Wednesday, December 31, 2008

Briar Rose (reviewed January 2008)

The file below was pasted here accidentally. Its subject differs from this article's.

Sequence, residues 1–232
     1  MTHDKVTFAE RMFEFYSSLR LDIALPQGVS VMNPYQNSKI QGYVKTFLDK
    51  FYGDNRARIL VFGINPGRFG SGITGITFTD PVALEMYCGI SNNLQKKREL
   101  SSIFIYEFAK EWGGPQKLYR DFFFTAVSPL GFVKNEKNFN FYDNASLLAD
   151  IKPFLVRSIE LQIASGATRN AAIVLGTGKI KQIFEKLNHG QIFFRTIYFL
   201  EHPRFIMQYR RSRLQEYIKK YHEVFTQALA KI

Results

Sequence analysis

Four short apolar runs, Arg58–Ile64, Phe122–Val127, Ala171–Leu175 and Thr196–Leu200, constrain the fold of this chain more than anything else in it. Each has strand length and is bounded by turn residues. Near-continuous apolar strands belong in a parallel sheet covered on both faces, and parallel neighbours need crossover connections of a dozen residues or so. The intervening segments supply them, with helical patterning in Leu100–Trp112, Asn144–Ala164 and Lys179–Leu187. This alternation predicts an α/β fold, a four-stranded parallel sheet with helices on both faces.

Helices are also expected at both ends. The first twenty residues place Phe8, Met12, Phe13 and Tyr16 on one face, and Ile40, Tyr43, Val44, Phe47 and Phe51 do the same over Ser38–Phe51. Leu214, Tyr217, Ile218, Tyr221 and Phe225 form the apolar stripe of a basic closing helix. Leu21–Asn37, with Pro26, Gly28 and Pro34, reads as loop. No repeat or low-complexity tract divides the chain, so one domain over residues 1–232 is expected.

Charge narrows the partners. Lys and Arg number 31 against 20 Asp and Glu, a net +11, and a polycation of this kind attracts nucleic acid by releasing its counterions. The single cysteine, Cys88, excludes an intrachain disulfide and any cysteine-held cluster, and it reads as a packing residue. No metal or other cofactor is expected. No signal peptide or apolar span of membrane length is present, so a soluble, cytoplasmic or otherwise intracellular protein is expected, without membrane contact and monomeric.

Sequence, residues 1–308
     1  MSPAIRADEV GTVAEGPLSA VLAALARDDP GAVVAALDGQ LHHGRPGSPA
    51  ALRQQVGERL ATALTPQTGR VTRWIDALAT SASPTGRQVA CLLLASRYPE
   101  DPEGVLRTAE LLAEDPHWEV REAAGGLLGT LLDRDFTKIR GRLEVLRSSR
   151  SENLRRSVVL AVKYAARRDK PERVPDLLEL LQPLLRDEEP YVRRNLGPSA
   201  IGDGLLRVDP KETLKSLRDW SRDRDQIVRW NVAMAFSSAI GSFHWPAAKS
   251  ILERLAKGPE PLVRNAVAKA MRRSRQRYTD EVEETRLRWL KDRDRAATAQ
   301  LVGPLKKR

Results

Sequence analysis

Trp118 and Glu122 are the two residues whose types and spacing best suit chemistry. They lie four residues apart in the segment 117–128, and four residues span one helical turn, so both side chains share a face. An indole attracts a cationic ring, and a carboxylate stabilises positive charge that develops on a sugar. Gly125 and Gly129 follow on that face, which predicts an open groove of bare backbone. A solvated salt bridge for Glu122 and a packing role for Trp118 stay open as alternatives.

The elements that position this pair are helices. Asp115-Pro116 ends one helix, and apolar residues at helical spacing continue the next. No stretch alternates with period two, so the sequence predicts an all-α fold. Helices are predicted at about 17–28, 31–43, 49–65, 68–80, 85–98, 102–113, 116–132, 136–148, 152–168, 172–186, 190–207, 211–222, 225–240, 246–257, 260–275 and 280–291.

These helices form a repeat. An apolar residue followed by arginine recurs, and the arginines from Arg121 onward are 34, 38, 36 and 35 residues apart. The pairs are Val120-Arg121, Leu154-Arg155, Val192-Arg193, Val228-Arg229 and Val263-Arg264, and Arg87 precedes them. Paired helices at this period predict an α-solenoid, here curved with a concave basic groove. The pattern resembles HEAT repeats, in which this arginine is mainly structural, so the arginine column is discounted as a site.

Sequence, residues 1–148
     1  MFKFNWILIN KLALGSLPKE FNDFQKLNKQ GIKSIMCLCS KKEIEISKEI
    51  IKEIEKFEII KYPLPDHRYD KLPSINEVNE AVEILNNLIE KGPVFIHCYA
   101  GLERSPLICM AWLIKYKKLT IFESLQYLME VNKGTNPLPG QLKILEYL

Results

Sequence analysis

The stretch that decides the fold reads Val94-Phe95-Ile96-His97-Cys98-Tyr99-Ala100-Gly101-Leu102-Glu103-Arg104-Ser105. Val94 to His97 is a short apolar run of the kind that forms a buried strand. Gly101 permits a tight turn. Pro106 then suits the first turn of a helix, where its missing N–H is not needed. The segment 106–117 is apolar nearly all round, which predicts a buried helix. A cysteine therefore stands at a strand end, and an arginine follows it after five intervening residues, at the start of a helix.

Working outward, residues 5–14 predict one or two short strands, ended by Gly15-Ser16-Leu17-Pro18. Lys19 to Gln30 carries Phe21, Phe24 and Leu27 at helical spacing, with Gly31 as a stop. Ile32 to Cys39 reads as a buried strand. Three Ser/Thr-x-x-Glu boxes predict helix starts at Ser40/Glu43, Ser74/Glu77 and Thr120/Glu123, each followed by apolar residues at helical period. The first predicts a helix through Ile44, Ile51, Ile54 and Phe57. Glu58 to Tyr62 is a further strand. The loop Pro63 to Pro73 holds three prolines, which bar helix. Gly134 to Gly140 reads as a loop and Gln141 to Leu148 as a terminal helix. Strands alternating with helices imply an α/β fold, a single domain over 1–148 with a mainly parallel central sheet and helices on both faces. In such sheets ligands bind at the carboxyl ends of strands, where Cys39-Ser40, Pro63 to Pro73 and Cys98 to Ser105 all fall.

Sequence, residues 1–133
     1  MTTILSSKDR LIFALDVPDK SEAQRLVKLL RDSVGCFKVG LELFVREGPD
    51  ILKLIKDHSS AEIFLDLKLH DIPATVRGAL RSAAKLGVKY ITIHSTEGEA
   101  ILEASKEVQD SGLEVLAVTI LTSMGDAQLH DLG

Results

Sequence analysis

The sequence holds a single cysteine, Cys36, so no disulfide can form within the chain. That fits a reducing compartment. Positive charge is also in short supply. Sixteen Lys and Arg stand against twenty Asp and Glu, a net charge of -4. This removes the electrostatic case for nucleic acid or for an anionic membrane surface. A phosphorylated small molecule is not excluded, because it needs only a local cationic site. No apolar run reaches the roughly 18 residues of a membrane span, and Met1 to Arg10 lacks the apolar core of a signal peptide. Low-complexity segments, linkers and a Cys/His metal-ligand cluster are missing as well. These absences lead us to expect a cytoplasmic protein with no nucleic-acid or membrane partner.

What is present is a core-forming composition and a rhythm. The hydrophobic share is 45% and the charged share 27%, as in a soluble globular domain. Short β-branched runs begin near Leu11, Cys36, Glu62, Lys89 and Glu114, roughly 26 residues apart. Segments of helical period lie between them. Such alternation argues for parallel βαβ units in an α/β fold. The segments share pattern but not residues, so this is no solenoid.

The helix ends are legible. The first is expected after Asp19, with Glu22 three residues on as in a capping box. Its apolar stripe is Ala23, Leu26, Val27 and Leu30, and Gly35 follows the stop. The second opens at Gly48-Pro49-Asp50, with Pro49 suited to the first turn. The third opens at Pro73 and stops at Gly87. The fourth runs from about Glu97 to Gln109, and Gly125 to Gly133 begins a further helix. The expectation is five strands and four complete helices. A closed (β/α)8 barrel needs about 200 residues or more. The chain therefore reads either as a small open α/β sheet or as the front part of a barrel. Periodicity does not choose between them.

Briar Rose, Jane Yolen (1992)[****] I was looking for a young adult book about King Arthur for my 10-year-old; the promising title I found on-line was not on the bookstore shelves, but there were several other books by the same author that looked interesting, though I had never heard of her. Unlike most of Trixie's books, I decided to read this one first, and I'm glad I did, because I think it will be a couple years before she's ready for it -- it's both scary and a little more adult themed than I expected (or maybe I'm just becoming a prude). The novel is a haunting retelling of the Sleeping Beauty fairy tale (Briar Rose being the German version of that centuries-old story). The story opens in the present with 23-year-old Becca and her family sitting shiva for Gemma, Becca's beloved maternal grandmother. Gemma claimed to actually be Briar Rose, the heroine of the fairy tale she compulsively recited to Becca and her sisters throughout their childhood. On her deathbed, Gemma made Becca promise to find the castle, the prince and the caster of spells in the story. When the family finds a box of cryptic documents and WWII era photos that Gemma had hidden away, Becca becomes intrigued with Gemma's past, about which they know nothing, and decides to make good on her promise. Her investigation ultimately takes her to Poland and to the Nazi extermination camp in Chelmno, where she finally learns Gemma's story. Several interesting characters help her on her way: Stan, her editor at the alternative newspaper where she works, who as an adoptee understands Becca's desire to know more about her family's past; Magda, a young Polish woman Becca connects with through the Polish Jewish Student League, who serves as tour guide and interpreter for Becca in Poland; Father Stashu, a Polish priest in Chelmno who had hoped he could help the people of Chelmno atone, but has mostly lost hope; and Josef Potocki, an aging, gay, Polish aristocrat who had escaped from the Sachenhausen work camp and spent the remainder of the war with a band of partisans in the forests of Poland. He tells Becca his story, which in the end intersects with Gemma's and illuminates Gemma's identity as Briar Rose. This was a very good book, but I think it could have been brilliant, and fell short. Becca's good luck in her search strains credulity (sort of like on those Law and Order shows, where they only have 44 minutes, so every lead has to be a home run). I would have liked a more complicated plot and characters with more complex motivations. Still, I enjoyed it enough to recommend it to Julie for her fairy tale unit with her sophomores, and I'll definitely give it to Trixie in a year or two.

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